Leviticus 19:35  ". . . Do not use dishonest standards . . .".

This and verse 36 of Leviticus 19 are referring to weights and measures used in determining how to mete out supplies during the time of Moses.  Although it was situation specific, it is not that confusing to project God's commandments to today's world.  God was issuing decrees as well as commandments and He instructed His people to follow all of them.

It isn't hard to extrapolate this decree for use in the world today.  If we sell cloth or build homes -- measure the length correctly.  Don't short a pound purchase by even a part of an ounce.  Be honest in all our dealings.  Give correct change.

The latter may seem like a huge jump from measuring and weighing, but it really isn't.  God said not to use dishonest standards.  If He were writing the commandments and decrees today, He would have a different kind of world to examine and a new kind of people to both chide and protect.  But chide and protect He would do.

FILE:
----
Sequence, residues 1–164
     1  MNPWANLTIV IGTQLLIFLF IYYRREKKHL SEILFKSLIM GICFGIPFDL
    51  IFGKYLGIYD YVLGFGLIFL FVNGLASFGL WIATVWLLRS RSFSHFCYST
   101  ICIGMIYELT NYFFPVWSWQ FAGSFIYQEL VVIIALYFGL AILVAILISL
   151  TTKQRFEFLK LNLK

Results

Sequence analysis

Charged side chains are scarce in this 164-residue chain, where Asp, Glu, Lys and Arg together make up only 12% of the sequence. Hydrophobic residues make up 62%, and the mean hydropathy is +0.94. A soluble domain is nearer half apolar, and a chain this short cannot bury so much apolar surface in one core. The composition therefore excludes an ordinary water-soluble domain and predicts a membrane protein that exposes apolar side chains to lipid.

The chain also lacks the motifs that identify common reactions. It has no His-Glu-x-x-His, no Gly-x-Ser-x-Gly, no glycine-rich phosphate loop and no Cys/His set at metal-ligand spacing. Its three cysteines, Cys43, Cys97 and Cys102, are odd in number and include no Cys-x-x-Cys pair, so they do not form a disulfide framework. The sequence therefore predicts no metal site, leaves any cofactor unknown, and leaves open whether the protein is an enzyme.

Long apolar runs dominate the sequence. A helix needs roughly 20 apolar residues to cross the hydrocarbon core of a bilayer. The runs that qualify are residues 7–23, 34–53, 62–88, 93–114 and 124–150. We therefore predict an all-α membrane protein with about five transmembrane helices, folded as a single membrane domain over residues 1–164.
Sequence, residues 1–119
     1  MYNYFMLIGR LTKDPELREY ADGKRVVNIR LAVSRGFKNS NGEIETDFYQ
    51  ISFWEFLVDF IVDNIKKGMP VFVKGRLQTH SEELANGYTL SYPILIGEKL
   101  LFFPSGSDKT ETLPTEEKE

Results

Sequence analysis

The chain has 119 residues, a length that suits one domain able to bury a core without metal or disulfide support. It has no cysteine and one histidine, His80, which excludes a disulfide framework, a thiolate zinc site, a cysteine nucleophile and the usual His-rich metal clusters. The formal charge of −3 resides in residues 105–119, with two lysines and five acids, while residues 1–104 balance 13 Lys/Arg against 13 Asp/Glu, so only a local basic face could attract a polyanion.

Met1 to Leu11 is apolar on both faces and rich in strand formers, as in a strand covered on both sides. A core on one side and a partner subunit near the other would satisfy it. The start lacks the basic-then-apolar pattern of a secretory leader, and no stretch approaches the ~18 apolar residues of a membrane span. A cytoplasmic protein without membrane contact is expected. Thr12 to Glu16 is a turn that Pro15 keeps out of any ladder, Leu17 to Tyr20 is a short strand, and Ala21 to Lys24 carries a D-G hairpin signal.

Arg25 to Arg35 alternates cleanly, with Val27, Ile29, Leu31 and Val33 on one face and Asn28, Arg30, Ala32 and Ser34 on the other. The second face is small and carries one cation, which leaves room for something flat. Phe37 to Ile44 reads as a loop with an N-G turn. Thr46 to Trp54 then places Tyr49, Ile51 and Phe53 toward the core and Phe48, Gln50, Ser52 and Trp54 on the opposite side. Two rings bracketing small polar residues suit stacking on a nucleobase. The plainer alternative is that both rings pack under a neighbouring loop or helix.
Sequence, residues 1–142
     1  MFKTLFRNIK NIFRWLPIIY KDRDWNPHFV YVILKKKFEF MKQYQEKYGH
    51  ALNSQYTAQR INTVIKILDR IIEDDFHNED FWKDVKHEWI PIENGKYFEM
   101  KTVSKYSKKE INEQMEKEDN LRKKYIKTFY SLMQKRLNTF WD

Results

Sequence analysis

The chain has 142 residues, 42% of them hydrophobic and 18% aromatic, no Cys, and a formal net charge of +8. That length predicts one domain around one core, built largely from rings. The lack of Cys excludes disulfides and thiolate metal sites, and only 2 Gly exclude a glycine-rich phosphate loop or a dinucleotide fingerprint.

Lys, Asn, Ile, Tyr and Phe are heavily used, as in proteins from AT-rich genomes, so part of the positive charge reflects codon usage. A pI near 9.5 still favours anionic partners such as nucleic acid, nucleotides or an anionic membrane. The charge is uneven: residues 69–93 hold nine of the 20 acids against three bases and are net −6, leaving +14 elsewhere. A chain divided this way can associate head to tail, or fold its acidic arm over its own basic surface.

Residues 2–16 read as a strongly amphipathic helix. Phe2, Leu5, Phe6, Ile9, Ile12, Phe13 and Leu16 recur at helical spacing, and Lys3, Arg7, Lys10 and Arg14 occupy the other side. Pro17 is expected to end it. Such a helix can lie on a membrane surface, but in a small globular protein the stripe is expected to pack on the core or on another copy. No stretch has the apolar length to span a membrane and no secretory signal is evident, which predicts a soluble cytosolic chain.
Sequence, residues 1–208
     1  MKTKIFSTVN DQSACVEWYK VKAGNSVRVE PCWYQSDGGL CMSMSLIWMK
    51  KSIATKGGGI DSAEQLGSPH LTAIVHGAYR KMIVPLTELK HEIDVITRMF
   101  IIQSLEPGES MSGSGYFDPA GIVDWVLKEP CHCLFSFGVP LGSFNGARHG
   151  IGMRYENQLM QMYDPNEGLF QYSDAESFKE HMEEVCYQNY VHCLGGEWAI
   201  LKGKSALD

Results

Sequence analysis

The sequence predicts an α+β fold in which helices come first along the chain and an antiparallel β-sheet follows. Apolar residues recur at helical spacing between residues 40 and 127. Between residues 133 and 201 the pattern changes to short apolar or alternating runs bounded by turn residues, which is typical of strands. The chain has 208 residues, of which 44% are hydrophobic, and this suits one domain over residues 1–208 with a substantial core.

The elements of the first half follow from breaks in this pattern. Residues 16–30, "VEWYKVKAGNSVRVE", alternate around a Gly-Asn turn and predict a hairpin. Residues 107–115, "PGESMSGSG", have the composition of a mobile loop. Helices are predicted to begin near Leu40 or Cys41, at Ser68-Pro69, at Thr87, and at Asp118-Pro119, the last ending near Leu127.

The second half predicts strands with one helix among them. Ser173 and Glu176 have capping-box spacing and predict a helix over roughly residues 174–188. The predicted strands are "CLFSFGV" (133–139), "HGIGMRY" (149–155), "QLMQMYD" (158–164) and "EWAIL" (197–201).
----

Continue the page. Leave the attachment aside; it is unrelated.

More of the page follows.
God wants us to treat, love, protect, pray for and respect all of His people wherever we find them and to love our neighbor as ourselves.

. . . and to remember "Thou shalt not steal."  God wants his people to be holy.  We cannot be holy if we are dishonest.

Friday, August 9, 2013

Mary, The Mother

". . . the angel of the Lord appeared unto him in a dream, saying, Joseph, thou son of David, fear not to take unto thee Mary, thy wife:  for that which is conceived in her is of the Holy Ghost."  Matthew 1:20

What a shocker that must have been to Mary and Joseph!  She is with child, without sex.  He is becoming a father, and he didn't have anything to do with it.  And we struggle with faith.  I suppose, though, ours might be stronger if visible angels brought our messages to us.